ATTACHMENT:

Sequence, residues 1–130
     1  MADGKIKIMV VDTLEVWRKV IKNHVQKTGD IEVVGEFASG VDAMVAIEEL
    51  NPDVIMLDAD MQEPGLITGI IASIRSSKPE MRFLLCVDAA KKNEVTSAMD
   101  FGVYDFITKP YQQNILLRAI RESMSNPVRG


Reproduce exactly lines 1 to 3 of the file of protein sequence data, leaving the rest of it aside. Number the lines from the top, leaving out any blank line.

Sequence, residues 1–130
     1  MADGKIKIMV VDTLEVWRKV IKNHVQKTGD IEVVGEFASG VDAMVAIEEL
    51  NPDVIMLDAD MQEPGLITGI IASIRSSKPE MRFLLCVDAA KKNEVTSAMD